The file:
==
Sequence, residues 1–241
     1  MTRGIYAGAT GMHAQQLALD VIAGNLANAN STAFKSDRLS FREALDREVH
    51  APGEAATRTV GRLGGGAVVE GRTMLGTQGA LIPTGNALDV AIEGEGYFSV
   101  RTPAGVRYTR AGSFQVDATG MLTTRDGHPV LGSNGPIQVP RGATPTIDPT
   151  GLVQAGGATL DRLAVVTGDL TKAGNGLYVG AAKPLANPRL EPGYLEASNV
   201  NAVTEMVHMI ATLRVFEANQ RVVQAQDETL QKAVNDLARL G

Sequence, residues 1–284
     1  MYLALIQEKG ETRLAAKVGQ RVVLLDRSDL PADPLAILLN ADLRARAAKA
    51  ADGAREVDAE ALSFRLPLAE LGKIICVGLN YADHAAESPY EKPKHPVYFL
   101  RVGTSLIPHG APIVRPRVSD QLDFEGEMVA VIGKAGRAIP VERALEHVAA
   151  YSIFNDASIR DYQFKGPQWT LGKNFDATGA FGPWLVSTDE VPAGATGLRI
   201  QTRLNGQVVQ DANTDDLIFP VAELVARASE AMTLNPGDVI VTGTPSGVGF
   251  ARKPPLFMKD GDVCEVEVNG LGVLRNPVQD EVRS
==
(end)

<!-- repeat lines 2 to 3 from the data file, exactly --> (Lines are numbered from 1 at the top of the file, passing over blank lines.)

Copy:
     1  MTRGIYAGAT GMHAQQLALD VIAGNLANAN STAFKSDRLS FREALDREVH
    51  APGEAATRTV GRLGGGAVVE GRTMLGTQGA LIPTGNALDV AIEGEGYFSV